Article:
When the Fed talks, people listen.
Because the Fed's main job is to help keep the U.S. economy humming along. You don't have to be an economist to understand why that's a good thing.
Broadly, the Federal Reserve, aka the Central Bank — created by the Congress under President Woodrow Wilson in the wake of some bank crashes — gives the country a safe, stable monetary and financial system.
The Fed has several goals that help to shore up the economy: keep employment high and keep inflation in check, among other things.
One of the main duties of the Federal Reserve is to determine interest rates. Every six weeks or so, they have a meeting to talk about the economy, employment rates and assorted other financial things. The media is always all over this meeting. Are they going to cut rates? Raise them? Leave them alone?
Last week, the Fed cut the federal funds rate, which in turn affects the interest rates set by banks, credit card companies and so on.
What does that mean? And more important, what does it mean for you?
"First, we have to look at how Fed policy affects households and small businesses," said CNBC contributor Sarah Bloom Raskin, a Duke University professor and former deputy Treasury secretary and Federal Reserve governor. "It's a critical function and a critical insight.
"We want people to understand that Fed policy does affect their economic well-being."
Despite her substantial background, Raskin keeps it real.
To the surprise of her Fed colleagues, she visited a job fair in her neighborhood in 2012 to get a closeup look at the labor market. It's crucial to get more data and more experiences, she says. "The employment rate is not a sole indicator of economic well-being," Raskin said.
Following is an edited transcript of Raskin's remarks about the Fed's activities and tasks.
Among other things, the Fed determines interest rates, how costly it is to borrow money. People borrow money for all sorts of things — to buy houses, cars, for education.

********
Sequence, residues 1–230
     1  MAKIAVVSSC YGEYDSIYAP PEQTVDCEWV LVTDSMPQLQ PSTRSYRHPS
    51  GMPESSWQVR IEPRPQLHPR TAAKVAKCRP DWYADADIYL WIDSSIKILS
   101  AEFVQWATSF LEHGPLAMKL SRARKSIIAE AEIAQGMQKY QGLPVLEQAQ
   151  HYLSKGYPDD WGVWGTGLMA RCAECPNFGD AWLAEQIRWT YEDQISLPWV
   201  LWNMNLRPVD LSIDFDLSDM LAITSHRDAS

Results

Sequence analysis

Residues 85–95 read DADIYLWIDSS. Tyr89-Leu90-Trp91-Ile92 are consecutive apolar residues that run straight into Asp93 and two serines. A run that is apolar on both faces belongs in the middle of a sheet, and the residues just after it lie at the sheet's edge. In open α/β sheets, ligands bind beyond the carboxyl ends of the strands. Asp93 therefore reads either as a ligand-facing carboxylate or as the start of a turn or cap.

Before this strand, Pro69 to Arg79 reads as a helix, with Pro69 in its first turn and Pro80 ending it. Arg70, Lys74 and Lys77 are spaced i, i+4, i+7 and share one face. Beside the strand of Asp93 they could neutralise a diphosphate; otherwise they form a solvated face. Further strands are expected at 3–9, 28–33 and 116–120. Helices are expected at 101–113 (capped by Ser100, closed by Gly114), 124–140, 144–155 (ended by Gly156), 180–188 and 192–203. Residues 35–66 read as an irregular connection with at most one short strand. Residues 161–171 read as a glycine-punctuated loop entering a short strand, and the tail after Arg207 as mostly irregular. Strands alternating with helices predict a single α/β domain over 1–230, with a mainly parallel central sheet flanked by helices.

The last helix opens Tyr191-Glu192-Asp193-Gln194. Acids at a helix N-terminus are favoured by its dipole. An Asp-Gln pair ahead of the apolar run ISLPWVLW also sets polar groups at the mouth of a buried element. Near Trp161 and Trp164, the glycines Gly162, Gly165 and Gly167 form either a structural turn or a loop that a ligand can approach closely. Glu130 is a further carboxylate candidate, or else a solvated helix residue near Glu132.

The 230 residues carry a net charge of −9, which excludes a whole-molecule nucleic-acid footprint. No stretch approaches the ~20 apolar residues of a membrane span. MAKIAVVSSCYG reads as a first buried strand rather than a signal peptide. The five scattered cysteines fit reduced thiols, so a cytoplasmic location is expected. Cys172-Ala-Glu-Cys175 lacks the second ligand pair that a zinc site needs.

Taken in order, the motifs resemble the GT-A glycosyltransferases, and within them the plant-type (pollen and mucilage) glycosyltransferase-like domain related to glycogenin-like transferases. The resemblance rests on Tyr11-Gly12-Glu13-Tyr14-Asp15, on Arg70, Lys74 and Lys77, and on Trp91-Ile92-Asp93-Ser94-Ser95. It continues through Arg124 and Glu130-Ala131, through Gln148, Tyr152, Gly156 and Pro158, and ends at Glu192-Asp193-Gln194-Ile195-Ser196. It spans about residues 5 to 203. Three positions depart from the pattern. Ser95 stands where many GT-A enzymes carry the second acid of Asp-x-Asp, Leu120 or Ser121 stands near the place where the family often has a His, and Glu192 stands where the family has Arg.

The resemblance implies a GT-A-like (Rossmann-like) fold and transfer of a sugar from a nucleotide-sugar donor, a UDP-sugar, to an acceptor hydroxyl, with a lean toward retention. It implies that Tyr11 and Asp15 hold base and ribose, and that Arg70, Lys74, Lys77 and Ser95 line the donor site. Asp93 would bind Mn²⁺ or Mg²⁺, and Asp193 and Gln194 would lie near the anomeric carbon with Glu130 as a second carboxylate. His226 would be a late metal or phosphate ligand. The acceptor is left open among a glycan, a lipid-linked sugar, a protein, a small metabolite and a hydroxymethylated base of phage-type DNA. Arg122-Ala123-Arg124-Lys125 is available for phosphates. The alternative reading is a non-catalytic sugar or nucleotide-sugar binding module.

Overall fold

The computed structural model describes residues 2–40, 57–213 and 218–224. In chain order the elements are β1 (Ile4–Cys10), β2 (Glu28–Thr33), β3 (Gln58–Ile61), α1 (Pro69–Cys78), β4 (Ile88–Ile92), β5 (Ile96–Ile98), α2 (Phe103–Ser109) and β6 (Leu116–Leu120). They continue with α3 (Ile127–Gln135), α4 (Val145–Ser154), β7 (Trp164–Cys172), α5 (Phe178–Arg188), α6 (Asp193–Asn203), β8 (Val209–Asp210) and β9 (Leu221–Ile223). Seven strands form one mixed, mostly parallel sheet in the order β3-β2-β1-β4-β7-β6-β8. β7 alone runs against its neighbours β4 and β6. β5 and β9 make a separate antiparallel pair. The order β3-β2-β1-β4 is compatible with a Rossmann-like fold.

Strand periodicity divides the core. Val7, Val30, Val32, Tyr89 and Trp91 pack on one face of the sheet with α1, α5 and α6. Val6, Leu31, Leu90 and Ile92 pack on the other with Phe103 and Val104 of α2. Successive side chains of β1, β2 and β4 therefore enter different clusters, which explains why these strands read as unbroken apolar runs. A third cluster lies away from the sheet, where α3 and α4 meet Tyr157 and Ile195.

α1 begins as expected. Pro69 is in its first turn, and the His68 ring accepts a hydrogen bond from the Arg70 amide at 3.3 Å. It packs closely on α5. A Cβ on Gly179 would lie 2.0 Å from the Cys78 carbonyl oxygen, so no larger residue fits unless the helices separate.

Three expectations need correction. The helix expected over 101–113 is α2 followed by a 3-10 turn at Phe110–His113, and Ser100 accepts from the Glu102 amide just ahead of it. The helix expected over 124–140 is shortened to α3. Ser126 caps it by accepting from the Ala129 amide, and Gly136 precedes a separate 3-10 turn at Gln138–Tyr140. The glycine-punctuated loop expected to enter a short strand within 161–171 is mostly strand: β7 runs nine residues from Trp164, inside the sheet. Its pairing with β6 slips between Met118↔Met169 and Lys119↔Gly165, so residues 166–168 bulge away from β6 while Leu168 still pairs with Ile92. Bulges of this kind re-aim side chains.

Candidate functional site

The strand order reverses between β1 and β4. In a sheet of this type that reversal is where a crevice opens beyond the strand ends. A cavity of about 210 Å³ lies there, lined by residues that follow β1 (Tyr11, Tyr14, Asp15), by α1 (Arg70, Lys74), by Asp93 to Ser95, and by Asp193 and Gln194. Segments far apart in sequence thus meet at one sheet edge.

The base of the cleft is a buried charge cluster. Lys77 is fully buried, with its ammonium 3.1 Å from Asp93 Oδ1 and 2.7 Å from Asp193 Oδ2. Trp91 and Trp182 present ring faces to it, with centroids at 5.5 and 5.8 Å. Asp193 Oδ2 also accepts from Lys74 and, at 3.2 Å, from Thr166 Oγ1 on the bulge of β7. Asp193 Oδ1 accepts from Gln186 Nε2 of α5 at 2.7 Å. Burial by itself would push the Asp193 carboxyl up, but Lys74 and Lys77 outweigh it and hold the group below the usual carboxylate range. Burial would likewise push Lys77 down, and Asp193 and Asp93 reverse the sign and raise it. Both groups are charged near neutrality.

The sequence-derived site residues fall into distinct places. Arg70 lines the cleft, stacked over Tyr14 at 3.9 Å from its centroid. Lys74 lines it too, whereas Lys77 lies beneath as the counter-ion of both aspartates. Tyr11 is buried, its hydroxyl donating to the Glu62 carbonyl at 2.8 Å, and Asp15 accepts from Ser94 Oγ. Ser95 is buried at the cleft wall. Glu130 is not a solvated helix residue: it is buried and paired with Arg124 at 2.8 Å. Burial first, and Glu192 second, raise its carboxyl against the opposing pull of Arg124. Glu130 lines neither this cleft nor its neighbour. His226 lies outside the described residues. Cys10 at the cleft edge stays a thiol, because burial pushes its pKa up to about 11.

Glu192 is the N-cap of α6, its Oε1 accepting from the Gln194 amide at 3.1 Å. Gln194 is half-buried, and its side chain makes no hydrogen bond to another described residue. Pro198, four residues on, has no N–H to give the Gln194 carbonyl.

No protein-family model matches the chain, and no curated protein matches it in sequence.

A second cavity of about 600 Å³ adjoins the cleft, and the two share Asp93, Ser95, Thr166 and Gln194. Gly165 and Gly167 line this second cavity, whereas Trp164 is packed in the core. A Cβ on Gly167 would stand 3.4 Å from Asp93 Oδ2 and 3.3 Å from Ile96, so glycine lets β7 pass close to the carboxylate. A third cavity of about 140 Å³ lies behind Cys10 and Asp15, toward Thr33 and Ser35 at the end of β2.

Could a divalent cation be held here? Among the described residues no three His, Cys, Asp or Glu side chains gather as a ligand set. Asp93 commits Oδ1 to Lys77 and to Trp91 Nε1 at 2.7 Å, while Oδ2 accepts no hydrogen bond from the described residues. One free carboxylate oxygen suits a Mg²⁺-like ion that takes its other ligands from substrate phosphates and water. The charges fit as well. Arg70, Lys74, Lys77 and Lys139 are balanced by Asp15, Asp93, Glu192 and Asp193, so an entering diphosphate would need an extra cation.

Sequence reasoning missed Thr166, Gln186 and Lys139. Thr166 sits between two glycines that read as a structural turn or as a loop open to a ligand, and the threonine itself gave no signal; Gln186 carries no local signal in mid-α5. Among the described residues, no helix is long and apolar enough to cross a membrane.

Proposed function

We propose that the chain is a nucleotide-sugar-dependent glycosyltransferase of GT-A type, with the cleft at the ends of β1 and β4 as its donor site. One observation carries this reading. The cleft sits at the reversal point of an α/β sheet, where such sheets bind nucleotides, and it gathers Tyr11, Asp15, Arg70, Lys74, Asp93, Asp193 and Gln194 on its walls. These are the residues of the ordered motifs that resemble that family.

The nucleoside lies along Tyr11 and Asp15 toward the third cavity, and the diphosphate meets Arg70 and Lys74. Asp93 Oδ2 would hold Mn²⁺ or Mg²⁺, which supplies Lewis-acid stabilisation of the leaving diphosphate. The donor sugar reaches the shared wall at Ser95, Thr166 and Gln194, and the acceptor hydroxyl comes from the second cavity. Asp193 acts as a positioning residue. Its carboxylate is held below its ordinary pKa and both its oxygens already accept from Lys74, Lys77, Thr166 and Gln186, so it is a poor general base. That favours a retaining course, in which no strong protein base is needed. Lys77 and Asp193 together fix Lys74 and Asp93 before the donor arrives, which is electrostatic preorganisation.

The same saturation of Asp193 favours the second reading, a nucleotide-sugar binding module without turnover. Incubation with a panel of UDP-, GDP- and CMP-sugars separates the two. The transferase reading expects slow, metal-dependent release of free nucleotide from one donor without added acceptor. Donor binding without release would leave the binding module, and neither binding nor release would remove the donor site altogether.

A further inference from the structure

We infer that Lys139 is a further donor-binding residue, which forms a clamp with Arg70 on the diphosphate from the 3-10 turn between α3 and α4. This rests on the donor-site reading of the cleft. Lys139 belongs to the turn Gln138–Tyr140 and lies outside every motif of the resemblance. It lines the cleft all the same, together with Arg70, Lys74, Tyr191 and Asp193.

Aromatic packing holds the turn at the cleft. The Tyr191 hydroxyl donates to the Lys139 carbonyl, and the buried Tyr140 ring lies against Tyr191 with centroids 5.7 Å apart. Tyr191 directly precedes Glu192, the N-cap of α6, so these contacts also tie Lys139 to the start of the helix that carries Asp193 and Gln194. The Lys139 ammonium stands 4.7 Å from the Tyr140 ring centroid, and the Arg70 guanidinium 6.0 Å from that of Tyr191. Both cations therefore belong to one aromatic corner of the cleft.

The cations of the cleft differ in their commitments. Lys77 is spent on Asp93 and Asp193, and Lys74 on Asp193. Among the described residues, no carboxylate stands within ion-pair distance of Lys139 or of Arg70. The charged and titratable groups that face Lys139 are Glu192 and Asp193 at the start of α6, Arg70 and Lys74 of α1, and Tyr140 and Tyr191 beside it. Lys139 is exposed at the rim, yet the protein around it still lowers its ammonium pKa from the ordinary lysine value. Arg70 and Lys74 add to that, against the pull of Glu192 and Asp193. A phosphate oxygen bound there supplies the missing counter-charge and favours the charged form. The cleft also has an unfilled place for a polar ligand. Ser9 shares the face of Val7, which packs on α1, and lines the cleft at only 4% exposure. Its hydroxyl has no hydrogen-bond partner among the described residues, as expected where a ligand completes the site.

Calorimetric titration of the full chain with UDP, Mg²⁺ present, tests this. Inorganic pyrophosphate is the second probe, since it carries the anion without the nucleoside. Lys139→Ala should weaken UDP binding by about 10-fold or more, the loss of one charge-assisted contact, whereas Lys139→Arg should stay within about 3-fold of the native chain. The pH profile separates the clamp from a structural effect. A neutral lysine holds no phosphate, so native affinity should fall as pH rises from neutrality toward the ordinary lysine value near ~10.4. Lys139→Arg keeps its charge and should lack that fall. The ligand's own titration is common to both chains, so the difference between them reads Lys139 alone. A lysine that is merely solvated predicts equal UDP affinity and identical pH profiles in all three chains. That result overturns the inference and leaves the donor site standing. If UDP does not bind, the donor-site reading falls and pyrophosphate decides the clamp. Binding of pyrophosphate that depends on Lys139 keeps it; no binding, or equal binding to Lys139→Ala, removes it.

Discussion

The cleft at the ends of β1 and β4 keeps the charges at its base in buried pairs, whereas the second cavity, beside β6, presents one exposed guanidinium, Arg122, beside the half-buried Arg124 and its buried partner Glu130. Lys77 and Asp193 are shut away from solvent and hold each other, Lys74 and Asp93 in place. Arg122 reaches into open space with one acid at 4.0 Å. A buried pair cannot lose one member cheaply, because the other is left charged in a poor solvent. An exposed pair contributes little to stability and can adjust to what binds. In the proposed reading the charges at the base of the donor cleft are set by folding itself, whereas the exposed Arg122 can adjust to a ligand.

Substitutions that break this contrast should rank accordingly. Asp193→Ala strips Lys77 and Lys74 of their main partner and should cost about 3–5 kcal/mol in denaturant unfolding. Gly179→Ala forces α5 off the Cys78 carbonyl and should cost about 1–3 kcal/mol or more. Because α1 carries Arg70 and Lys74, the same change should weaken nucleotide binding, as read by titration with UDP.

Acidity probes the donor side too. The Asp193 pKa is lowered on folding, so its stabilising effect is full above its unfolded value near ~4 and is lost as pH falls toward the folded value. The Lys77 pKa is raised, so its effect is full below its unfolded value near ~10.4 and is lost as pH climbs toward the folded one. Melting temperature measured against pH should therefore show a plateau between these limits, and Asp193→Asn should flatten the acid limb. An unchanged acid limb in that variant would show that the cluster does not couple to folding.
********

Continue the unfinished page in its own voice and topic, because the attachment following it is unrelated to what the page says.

The Fed does not directly change any mortgage rates or car loan rates. It doesn't have that level of direct engagement with every lender. Instead, it controls something called the federal funds rate. That's the rate that banks charge each other when they borrow from each other.
That rate — the federal funds rate — has the effect of trickling through into other borrowing rates. If the federal funds rate is higher, it means banks have to pay more for funds that they are borrowing. And that will, of course, make them charge more when they are lending.
The Fed also determines whether banks are engaging in safe and sound lending.
That means, are they [the banks] doing lending in a safe and sound way to borrowers? The Fed does examinations of banks, and if they're not operating in a safe and sound way, the Fed will take enforcement action against a bank.
The Fed also looks very carefully at the payments system to make sure that it is working.
When people buy and sell goods and services, money is passed back and forth. And money has to be drawn from one person's account and put into another person's account.
Whether you're a borrower or a saver — and, of course, some people are both—the levels of interest rates matter. Low interest rates might mean you're not going to get such a nice return on your savings.
Then, if you're a borrower, you can refinance your mortgage and actually pocket a little bit more on a monthly basis.
If interest rates are too high, then firms and businesses don't want to make investments. Actually, their costs may be so high they have to lay off workers. When they lay off workers — who are also consumers — then these workers cannot consume. So that is the circle.
When interest rates are lower, it's a virtuous circle.
If the economy is expanding at the right pace, because interest rates have been set correctly, then firms face demand for their goods and services. They're going to need to hire people.
The design of the Fed is meant to get to the question of economic well-being, which matters to [everyday] people because if our economic well-being is good, it determines whether we live a life of opportunity, of curiosity, of passion.
Are we living to our potential? Or is it a life marked by isolation, narrowness, beneath our potential? Are we going to live with hope, or live in despair?
Disclosure: NBCUniversal and Comcast Ventures are investors in Acorns.